Review: Blood Wedding (Modern Times Stage Company and Aluna Theatre)


Toronto’s Aluna Theatre presents a touching story of forbidden desire

Modern Times Stage Company and Aluna Theatre‘s production of Blood Wedding, currently onstage at Buddies and Bad Times Theatre, is poetry embodied onstage. The script is written by Federico García Lorca, translated by Langston Hughes, both poets, so I expected the dialogue to be lyrical. But the direction, design and acting were also perfectly integrated into a poetic aesthetic. The show is raw emotional power delivered with polished precision.

The Boy (Derek Kwan) loves the Girl (Bahareh Yaraghi) and the Girl loves the Boy a bit, but she burns with passion for her ex, Leonardo (Carlos Gonzalez-Vio). Leonardo married her cousin (Sochi Fried) out of spite and pride but still desires the Girl. The Mother (Beatriz Pizano) of the Boy is wary of the Girl because Leonardo is of the same family that killed her husband and other son, but she also wants her remaining son to be married and give her many grandchildren. And so the wedding is on but, as the title telegraphs, it will not be a happy event.

This story of forbidden desire is given extra depth by knowing that Lorca (as well as Hughes) was gay and likely writing out his demons in a heterosexual framing that would be acceptable to the audience of his time. However, in his time there were also more rigid gender roles than today (not that we live in a feminist utopia) and the focus he has on the plight of women is important itself. Blood Wedding ruminates on forces bigger than the individual that affect personal choices, including societal factors like patriarchy — but also the metaphysical.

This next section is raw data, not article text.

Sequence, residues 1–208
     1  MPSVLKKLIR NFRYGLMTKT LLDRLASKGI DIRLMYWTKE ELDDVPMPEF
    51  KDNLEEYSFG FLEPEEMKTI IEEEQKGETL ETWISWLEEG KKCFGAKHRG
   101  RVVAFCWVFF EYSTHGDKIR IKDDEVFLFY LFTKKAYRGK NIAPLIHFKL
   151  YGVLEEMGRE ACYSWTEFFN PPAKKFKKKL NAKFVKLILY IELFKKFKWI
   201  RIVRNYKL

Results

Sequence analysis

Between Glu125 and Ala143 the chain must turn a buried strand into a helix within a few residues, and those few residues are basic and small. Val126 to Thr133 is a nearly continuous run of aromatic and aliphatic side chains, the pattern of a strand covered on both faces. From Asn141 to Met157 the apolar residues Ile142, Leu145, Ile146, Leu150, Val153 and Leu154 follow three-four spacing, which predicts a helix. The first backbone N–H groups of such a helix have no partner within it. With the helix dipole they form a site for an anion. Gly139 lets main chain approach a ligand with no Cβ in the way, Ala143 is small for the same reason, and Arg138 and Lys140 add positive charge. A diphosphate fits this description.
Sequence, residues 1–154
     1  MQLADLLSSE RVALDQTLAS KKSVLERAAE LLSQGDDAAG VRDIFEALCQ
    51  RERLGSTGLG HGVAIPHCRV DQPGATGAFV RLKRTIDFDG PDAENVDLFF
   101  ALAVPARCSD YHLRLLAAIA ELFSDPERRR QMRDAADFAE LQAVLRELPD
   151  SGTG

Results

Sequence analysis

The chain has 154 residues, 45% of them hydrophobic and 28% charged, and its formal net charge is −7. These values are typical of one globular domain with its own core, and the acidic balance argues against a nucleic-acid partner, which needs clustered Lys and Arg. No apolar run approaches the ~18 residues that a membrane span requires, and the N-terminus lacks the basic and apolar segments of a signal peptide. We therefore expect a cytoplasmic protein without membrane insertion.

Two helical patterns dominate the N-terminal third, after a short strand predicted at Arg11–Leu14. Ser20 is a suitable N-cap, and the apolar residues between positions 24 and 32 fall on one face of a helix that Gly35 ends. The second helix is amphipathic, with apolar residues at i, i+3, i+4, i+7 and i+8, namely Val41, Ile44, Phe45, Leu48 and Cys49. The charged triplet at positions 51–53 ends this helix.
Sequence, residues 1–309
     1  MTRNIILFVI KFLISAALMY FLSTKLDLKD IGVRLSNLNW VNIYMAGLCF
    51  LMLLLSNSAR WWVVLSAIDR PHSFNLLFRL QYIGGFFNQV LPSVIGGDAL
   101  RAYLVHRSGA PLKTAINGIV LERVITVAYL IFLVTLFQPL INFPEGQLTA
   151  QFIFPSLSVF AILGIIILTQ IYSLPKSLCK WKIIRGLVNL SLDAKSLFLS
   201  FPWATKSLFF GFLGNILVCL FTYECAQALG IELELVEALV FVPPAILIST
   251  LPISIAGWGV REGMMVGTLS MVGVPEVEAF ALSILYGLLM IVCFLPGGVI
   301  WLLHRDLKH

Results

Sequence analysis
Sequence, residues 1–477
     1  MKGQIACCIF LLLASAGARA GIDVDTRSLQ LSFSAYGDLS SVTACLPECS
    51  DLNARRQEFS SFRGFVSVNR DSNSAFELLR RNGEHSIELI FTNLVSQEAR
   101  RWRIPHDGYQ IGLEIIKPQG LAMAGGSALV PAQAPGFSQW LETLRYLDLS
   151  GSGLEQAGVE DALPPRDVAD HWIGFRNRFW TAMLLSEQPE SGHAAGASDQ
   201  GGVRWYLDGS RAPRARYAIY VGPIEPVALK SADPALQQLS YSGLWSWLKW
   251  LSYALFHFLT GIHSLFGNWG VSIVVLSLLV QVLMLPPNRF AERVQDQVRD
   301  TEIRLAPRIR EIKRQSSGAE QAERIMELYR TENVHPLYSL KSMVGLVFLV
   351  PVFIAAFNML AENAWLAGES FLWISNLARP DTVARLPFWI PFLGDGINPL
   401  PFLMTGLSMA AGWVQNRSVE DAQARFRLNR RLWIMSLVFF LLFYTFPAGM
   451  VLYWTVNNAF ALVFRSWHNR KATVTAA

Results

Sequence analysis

About two thirds of the way through the play, the Moon (Sochi Fried again) and Death (Liz Peterson) become characters. My companion was a bit confused by this: she wasn’t clear on who they were or why they were there. This is, I think, probably a usual reaction for someone steeped in modern narratives that are either surreal from the beginning, or there’s a trajectory toward it, or it’s just not there at all. The Moon and Death did appear out of left field but I’m more used to that sort of thing, having seen a lot of classical theatre and opera.  Scenographer Trevor Schwellnus’s design is gorgeous and lush throughout, and he brilliantly capitalized on the sudden appearance of the Moon in an arresting moment. It was like a golden pin in the velvet fabric of the piece, holding it in an odd spot but adding beauty both with its existence and the pattern it created.

The ensemble cast worked like a well-oiled machine, if a machine could rip its emotional guts out and spill them all over the stage. Every element that makes up a play was firmly in hand (that hand belonging to director Soheil Parsa) and devoted to the soul of Lorca’s script, as translated by Hughes.


  • Blood Wedding Plays at Buddies And Bad Times Theatre, 12 Alexander St, until March 29th
  • Showtimes are Tuesday to Saturday at 8:00pm, Wednesday & Sunday at 2:00pm
  • Tickets are $20 to $25, $18 for students and actors in Equity, with Pay What You Can on Sunday matinees and $18
  • Purchase tickets online or by calling 416-975-855

Photo of Jani Lauzon, Bahareh Yaraghi, Carlos Gonzalez-Vio by Brian Damude